A load of Cock & Bull: the West’s truly alternative festival

Cock & Bull Festival DJs work their magic

Live(stock) and direct: the farm-based Cock & Bull Festival in 2015

So your mobile phone ran out of battery when you were trying to book tickets through the Glastonbury hotline and SXSW is a little too south by south-west for your building-society account to cope with. But ask yourself what you’re really missing. Are you desperate to listen to the foul-mouthed Adele jabbering to 100,000 revellers in an accent not heard in London since the doodlebugs were dropping? As for SXSW, it was in March – it’s gone, you’re too late.

There are still festival options if you’re willing to act quickly and not muck about. British Ideas Corporation heard great things about the 500-capacity Cock & Bull Festival in Bath last year, mostly from South-east-based DJs who had played sets on-site and convinced us that these more intimate gatherings were the future of UK summer fun, especially for people of more advancing years – whatever that meant. Some of this year’s acts are even appearing at major UK festivals, so here’s your chance to catch them close up. Like Glastonbury, the Cock & Bull is on a farm and also assisting a charitable cause – and we’re told the beer will be “normally priced”. We chat with Henry Trew, Cock & Bull’s event organiser, to find out more.

British Ideas Corporation: In a crowded UK festival scene, what’s different about the Cock & Bull weekend?
Henry Trew: Well, we’re tiny – we sell just 500 tickets. The big difference is that we are run by, and for, youth charity Jamie’s Farm, which works to re-engage young people in education through residential stays on its farm. This gives the whole festival a special spirit. Every penny you spend at the bar – it’s £3 a pint – and money spent on food, goes straight to the charity. The site is small, so you’ll bump into people over and over and you won’t get lost. We don’t advertise, we rely on word of mouth. And we have a killer line-up.

Why did the Cock & Bull start and how long has it been going for?
This’ll be the sixth year. Last year, we managed to raise £30,000 for the charity. Over the years we’ve made over £100,000. I’m an old friend of Jamie, who set up the charity, and we wanted to have a go at throwing a party. We’d grown bored of going to larger festivals and thought we could do better.

Could you tell us about the work of Jamie’s Farm?
It’s a mixture of farming, family and therapy. Groups of young people stay on the farm with their teachers and for many of them, it’s their first time away from home and their first visit to a farm. They go on a big journey over the course of those five days. The easiest thing is to get your readers to watch our video.

Are bands and performers local?
A number of acts are from the Bath and Bristol area, and many are from London. This year we have Sheelanagig, who are local festival favourites. But Broken Brass Ensemble are from Holland and Kasai Masai come all the way from Congo via Hackney. 47Soul are a special group, all the way from Palestine. They play Arabic folk music mixed with electronic funk and are not to be missed.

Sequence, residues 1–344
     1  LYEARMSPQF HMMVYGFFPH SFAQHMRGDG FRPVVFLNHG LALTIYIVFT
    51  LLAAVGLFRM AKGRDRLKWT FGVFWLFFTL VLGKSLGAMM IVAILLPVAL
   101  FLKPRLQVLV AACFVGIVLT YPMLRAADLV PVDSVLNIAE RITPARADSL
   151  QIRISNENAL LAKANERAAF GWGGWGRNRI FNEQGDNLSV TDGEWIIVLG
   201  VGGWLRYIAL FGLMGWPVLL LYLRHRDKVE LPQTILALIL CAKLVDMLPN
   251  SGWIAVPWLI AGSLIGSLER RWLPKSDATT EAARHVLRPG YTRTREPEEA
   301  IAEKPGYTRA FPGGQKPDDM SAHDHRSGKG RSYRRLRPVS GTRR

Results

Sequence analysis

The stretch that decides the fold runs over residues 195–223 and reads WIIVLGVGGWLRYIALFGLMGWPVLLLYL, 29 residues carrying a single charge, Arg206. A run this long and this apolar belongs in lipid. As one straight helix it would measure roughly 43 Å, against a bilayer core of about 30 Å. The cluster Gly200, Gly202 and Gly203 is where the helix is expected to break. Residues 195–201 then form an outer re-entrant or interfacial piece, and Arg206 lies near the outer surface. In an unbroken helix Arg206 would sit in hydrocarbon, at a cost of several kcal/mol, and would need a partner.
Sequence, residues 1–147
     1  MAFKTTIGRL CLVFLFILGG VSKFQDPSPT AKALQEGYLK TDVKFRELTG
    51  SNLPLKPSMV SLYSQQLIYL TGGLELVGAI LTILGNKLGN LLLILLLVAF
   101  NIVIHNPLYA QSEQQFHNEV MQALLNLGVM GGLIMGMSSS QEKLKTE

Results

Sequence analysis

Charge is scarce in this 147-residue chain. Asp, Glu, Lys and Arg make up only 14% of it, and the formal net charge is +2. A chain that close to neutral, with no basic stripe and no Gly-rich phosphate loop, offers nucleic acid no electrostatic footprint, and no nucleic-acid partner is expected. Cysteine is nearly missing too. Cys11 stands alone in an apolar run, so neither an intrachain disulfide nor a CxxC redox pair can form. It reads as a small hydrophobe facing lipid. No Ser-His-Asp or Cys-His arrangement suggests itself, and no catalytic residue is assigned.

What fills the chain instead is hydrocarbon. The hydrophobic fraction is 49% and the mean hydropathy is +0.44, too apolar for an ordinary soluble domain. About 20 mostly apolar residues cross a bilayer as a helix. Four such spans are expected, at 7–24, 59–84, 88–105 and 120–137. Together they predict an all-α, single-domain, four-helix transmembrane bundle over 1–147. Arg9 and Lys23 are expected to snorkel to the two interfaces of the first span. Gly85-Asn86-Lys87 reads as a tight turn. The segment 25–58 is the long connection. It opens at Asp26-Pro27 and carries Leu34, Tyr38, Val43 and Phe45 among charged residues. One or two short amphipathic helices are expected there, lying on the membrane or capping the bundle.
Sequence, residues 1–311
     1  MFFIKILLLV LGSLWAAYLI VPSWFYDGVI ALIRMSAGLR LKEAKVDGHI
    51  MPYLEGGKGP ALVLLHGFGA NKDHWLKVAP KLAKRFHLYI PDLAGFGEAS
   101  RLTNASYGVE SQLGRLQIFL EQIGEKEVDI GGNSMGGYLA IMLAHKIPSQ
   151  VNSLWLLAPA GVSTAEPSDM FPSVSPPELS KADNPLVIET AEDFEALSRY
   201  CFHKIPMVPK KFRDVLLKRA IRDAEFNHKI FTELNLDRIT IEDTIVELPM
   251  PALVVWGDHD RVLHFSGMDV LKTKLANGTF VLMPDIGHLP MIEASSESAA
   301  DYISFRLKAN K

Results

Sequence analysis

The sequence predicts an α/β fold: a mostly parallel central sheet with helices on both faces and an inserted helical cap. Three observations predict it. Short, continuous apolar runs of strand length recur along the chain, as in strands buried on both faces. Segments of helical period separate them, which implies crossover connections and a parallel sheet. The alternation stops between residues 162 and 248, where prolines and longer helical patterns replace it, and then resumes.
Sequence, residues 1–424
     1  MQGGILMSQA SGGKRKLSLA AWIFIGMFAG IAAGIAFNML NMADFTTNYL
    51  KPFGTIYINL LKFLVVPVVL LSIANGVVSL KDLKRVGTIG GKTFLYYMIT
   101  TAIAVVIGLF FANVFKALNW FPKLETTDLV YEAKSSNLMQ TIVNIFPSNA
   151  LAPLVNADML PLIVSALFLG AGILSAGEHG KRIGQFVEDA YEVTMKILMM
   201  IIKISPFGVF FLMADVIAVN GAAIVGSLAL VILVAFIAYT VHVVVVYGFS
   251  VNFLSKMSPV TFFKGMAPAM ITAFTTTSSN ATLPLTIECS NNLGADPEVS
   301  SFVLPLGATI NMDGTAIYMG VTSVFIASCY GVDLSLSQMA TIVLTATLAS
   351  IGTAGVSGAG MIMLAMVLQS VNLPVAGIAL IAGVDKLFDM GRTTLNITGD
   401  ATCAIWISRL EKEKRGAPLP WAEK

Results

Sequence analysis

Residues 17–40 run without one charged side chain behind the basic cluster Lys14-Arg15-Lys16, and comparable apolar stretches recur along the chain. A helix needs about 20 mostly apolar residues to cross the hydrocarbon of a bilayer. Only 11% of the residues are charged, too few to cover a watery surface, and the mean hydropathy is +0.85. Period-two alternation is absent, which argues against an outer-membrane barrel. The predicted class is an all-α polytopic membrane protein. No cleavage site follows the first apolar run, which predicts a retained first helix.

Do you pay performers – for example, is your Saturday headliner looking at a six-figure sum to appear?
We rely on artists’ generosity to play at cost because they believe in what we’re doing. They share their backstage area with three chickens and a friendly pet goat called Flo. They love it!

What’s the camping and toilet situation, and is there a glamping option for the London media set?
Everyone camps together. It’s a small site so no big treks and tantrums. We have five-star compost toilets, which we guarantee will be the best festival loo experience you ever have.

Is there a food element to the festival and if so, what can we look forward to?
All the food is home cooked on-site by the Jamie’s Farm head chef. We have the finest burgers, as you’d expect being in the middle of a working farm. We have a clay pizza oven, a big deli with a wide range of Ottolenghi-style salads and bacon sarnies and proper coffee for your hangovers.

What happens when it rains?
The festival is set in the middle of a working farm, which means we have huge barns as part of the infrastructure so we can party whatever the weather.

Are you a child-friendly festival?
Yes, we’re all in our mid-30s now, so most of us have kids. Being a small event, it’s immediately less stressful than taking your kids to a bigger festival. We have a farmer Olympics on Saturday with egg catching, hay bale throwing and more serious events. We have an adventure playground, puppet shows, hula hooping, costume making and a whole load of kiddy friendly workshops. We also have very cute animals.

What time is bedtime and is there a ban on Mancunians age 17-30 from revealing their entire life stories in their tents between 11pm and 7am, as seems to happen at every festival?
Bedtime is when you want it to be. Life-story sharing is encouraged but this’ll probably be around the campfire at the Acoustic Stage. We have a few late-night secret things planned.

What are the ways of getting tickets?
There are a few tickets left but we’re set to sell out, so jump online quickly.

Cock & Bull Festival, secret location near Bath, 22-24 July. cockandbullfestival.co.uk

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